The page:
Q. What Terms Does A Property Sell At Auction And Who Sets The Terms?
A. The seller sets the terms with the advice of the auction company. Some terms included in the auction contract are as follows:
The high bidder deposits earnest money (either a percentage of the purchase price or a stated set amount) and enters into a purchase contract immediately following the auction; the balance of the purchases price is due within 30 to 60 days at the closing. Properties generally sell "As Is" with no warranties expressed or implied. Since the only issue left is price, due diligence is done in advance of the sale such as preparation of information packages and inspection reports.
Q. What Happens To The Earnest Money If A Buyer Decides At A Later Date Not To Buy The Property?
A. Many of the same things happen in an auction situation as in any other real estate transaction. The earnest money deposit is forfeited if the higher bidder is unable to consummate the sale regardless of the reason. If the seller fails to close because of defective title, etc., the buyer's deposited will be refunded.
Q. How Much Does An Auction Cost?
A. Auctioneers, like other licensed and real estate professionals charge a commission, and a percentage of the sale price. In addition, the out-of-pocket expenses relating to the marketing and promotion as well the conduct of the auction are paid by the seller upfront and in some cases refunded to the seller from fund brought in by the "Buyers Premium.”
Q. What Are The Various Methods Of Auctioning?
A. Essentially, there are three different types of auctions:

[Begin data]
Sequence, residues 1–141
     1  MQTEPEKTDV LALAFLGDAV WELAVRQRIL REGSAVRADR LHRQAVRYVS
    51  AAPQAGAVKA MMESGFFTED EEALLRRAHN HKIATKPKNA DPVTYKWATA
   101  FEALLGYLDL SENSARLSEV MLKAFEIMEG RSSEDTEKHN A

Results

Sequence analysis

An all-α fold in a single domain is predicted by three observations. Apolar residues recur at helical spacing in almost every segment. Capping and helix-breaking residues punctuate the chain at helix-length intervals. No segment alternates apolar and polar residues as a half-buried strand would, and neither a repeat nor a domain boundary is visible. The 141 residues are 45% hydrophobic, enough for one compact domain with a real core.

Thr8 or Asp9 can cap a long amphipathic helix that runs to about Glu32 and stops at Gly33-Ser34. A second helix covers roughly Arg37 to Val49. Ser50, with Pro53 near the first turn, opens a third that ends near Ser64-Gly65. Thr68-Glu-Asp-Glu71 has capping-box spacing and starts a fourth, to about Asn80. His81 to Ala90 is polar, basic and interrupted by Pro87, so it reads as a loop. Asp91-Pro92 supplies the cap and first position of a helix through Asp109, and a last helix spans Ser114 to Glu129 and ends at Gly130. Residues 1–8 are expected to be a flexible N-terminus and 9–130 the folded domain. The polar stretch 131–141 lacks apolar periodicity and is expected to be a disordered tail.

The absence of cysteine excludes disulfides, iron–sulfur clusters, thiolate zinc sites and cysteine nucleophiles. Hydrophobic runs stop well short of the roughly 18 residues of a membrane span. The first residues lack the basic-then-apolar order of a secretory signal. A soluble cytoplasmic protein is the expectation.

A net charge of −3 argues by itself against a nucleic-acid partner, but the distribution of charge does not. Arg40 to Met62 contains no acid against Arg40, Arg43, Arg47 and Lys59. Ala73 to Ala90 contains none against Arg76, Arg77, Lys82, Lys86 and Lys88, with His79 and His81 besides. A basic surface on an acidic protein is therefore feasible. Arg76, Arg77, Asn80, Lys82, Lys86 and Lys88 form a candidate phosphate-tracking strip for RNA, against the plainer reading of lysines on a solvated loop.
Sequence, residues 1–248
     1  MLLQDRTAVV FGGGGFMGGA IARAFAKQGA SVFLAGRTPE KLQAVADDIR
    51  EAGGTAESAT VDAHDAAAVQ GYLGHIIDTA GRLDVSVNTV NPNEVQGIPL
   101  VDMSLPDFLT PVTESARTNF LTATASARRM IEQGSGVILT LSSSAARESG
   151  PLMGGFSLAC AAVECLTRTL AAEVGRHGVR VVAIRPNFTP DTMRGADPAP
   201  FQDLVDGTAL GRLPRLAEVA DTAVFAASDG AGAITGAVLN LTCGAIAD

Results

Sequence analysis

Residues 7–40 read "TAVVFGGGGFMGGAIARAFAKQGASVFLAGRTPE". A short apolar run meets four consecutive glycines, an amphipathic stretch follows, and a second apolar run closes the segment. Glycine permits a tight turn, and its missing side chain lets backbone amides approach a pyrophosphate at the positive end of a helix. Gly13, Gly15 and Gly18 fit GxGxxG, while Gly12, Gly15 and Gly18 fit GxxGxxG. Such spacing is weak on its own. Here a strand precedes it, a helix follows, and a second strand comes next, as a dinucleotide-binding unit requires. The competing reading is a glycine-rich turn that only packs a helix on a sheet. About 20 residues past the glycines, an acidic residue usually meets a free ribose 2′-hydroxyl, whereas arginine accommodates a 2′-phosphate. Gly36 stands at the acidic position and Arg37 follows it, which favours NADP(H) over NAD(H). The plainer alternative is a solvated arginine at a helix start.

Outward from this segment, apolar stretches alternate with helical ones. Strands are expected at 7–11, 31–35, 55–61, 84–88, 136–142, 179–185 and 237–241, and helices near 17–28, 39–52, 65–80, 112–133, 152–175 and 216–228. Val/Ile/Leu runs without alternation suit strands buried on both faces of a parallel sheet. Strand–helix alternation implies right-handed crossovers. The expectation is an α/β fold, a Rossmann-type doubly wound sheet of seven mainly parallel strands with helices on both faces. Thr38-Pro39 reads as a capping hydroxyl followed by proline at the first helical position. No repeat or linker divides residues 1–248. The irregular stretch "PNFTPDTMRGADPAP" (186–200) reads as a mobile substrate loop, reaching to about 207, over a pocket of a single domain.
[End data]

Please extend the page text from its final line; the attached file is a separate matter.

1) ABSOLUTE AUCTION (or auction without a Reserve) - Properties sold at this type of auction are sold to the highest bidder, regardless of the price. The main advantage of an absolute auction is that it generates maximum response from the market place. Since a sale is guaranteed regardless of the price, buyer excitement and participation are heightened. Because this type of auction generates an ideal response, many estate properties, financial institutions and government agencies have begun to use this method in greater frequency. Despite the fact this type of sale attracts a larger number of buyers and high bid offers, the guarantee sale at the highest bid, regardless of price, often makes a seller feel nervous and at risk, it often brings the highest bid due to the strong number of bidders this method generates.
2) MINIMUM BID - The auctioneer will accept bids at or above a disclosed price. The minimum price is always stated in the brochure, in the advertisements and is announced at the auctions. An alternative approach is to post a suggested "opening bid", but that opening bid does not commit the seller to sell at that price. An advantage to selling via the minimum bid method is that it creates a safety net for the seller that does not exist in the Absolute method. The seller's risk is limited in that the price that the property sells for will fall above a minimum acceptable level. Disadvantages to this method are that the seller limits interest in the auction to only those buyers who are willing to pay the minimum bid price and the fact that there is minimum bid makes it difficult to generate the proper excitement.